wheel-turning king (Skt chakravarti-raja )
転輪聖王・転輪王・輪王 (Skt chakravarti-raja, chakravarti-rajan, or chakravartin; Jpn tenrin-jo’o, tenrin-o, or rin-o ) An extremely fortunate being who has accumulated a vast amount of merit and as a result has taken rebirth as a king with dominion over all four continents as described in Buddhist cosmology, or, at the very least, over one of the four continents. At present there are no Chakravatin kings in our world, and there is no one who has complete dominion over our continent, Jambudvipa. See Great Treasury of Merit.
Also, wheel-turning sage king, or wheel-king. An ideal ruler in ancient Indian mythology who governs with justice rather than force and brings tranquillity and comfort to the people. He possesses seven treasures: a wheel, elephants, horses, jewels, jewel-like women, excellent ministers of financial affairs, and generals. He also possesses the thirty-two features as a Buddha does, as well as the four virtues of great wealth, admirable features and form, freedom from worries, and long life. According to some scriptures, when Shakyamuni was born, a hermit-sage named Asita foretold that, if the boy remained in the secular world, he would become a wheel-turning king, but if he renounced secular life, he would become a Buddha.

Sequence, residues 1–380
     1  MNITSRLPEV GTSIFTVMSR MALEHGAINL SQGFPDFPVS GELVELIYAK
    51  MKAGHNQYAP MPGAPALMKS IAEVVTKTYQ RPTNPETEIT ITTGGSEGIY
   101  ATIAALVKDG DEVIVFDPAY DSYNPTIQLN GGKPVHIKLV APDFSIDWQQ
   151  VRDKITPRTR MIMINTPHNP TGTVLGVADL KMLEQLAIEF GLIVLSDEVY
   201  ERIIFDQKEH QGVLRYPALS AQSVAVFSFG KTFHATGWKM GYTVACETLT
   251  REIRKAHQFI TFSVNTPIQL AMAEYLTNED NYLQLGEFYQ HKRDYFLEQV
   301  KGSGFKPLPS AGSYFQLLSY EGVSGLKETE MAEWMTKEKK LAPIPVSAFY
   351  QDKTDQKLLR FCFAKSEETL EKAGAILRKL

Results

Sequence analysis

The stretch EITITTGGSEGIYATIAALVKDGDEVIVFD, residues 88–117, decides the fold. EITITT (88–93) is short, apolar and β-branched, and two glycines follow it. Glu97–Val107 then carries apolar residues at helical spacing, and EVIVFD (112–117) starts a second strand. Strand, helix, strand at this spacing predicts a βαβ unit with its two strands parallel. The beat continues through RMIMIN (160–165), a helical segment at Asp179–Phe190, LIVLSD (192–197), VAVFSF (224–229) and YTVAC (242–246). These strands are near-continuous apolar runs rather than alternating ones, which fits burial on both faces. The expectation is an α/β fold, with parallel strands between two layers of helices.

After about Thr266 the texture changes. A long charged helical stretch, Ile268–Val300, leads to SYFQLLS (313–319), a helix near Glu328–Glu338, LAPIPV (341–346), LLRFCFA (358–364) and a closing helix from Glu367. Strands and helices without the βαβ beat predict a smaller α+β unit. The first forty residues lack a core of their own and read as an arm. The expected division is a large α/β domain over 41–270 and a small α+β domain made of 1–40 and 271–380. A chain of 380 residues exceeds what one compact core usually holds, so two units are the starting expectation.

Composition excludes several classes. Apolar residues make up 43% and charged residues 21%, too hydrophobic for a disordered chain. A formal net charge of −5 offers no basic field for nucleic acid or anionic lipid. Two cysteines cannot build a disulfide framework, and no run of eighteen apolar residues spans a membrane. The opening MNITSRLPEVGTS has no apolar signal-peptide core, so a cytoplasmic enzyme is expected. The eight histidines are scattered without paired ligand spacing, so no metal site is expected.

While turning the wheel he was given by heaven, a wheel-turning king advances everywhere at will and establishes peace. These wheels are of four kinds: gold, silver, copper, and iron, the type of wheel indicating a wheel-turning king's rank, or the extent of his realm and power. A gold-wheel-turning king rules all the four continents surrounding Mount Sumeru; a silver-wheel-turning king, the eastern, western, and southern continents; a copper-wheel-turning king, the eastern and southern continents; and an iron-wheel-turning king, the southern continent, or Jambudvipa. Buddhist scriptures contain stories of Shakyamuni Buddha's previous incarnations as a wheel-turning king.